Zimbabwe creating legislation that would ban Private Voluntary Organisations (PVOs) suspected to be funding or campaigning for politicians in any election in the country.
The Sunday Mail, a state-run newspaper, reports that the proposed amendments to the Private Voluntary Organizations Act would include the shutting down of some PVOs and removal of their directors by a registrar, appointed by the government.
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The newspaper reports that the proposed amendments to the Act would soon be tabled before the Parliament of Zimbabwe.
Under the new regulations, PVOs funding or supporting candidates in an election will face heavy fines or imprisonment for a period not exceeding one year or both. At the same time, operating an unregistered PVO would attract a 10-year sentence.
A registrar, appointed by the government, would be expected to collect registration fees for PVOs and be in a position to run these organizations if they are found to be violating Zimbabwean laws.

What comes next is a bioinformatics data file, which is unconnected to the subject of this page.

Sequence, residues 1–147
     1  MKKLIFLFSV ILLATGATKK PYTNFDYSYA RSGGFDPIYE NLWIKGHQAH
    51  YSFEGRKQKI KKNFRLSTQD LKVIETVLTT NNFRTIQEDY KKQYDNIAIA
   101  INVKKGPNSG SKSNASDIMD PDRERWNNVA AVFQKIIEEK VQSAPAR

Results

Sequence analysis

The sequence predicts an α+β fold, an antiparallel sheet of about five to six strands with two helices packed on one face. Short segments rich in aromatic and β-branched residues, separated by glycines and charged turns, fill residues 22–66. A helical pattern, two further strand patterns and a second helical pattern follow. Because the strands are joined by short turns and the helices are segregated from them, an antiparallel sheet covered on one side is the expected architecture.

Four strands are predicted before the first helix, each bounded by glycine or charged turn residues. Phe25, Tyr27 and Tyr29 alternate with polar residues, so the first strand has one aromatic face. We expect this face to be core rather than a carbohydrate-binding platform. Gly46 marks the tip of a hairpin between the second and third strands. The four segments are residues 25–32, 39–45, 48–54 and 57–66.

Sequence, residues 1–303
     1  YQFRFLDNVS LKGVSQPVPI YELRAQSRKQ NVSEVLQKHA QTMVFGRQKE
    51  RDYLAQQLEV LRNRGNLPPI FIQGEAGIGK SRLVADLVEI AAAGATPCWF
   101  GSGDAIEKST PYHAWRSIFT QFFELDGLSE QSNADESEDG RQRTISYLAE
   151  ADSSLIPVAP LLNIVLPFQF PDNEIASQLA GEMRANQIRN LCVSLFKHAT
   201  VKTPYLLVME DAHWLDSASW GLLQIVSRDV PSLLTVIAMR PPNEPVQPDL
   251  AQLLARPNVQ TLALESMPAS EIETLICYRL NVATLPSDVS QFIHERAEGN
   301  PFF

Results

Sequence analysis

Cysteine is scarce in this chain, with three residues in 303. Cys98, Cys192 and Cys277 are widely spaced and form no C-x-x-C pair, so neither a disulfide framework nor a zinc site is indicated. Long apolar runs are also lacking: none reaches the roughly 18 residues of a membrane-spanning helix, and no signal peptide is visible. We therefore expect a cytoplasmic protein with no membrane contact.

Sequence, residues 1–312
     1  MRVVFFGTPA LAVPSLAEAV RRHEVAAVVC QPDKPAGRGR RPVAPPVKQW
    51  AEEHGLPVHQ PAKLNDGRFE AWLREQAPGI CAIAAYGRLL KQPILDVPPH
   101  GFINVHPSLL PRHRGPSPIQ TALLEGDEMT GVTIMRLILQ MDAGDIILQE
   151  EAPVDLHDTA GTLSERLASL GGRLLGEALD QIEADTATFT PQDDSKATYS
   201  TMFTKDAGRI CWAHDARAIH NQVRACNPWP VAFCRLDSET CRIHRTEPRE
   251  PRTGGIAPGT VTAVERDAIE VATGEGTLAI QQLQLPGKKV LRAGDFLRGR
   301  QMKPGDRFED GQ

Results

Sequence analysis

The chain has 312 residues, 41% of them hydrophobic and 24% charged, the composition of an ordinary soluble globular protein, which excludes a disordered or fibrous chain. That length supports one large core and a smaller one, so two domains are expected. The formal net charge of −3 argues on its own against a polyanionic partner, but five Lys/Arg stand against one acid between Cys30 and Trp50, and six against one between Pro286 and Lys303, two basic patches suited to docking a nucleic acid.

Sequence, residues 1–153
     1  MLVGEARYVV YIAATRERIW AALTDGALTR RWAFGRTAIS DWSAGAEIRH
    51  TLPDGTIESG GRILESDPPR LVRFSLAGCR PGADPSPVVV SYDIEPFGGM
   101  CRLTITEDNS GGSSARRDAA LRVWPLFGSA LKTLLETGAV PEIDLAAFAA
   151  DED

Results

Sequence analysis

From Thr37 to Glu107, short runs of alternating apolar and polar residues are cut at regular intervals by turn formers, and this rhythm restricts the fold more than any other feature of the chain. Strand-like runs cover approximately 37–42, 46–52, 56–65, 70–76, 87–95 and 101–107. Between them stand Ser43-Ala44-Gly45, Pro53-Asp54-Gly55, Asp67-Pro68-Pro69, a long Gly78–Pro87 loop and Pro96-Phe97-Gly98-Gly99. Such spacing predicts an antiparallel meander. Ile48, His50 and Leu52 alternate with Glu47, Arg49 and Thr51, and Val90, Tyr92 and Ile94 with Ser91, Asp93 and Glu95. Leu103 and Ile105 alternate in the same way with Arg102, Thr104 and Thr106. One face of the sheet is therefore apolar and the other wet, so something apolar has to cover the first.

Currently, PVOs operate under the purview of the director of social welfare in the Ministry of Public Service, Labour and Social Welfare. Reads Section 5 of the Bill:
When any private voluntary organisation that supports or opposes any political party or candidate in a presidential, parliamentary or local government election or is a party to any breach of Section 7 under Part III of the Political Parties (Finance) Act (Chapter 2:12) as a contributor of funds to a political party or candidate or otherwise shall be guilty of an offence and liable to a fine of Level Twelve or to imprisonment for a period not exceeding one year, or both such fine or such imprisonment.
Zanu PF’s Tafadzwa Muguti recently attempted to introduce such regulations, which were declared null and void by a local court.
PVOs say this latest move is an attempt by President Emmerson Mnangagwa’s government to bring back Muguti’s dumped regulations, which would lead to the shutting down of all PVOs said to be anti-government.
More: The Sunday Mail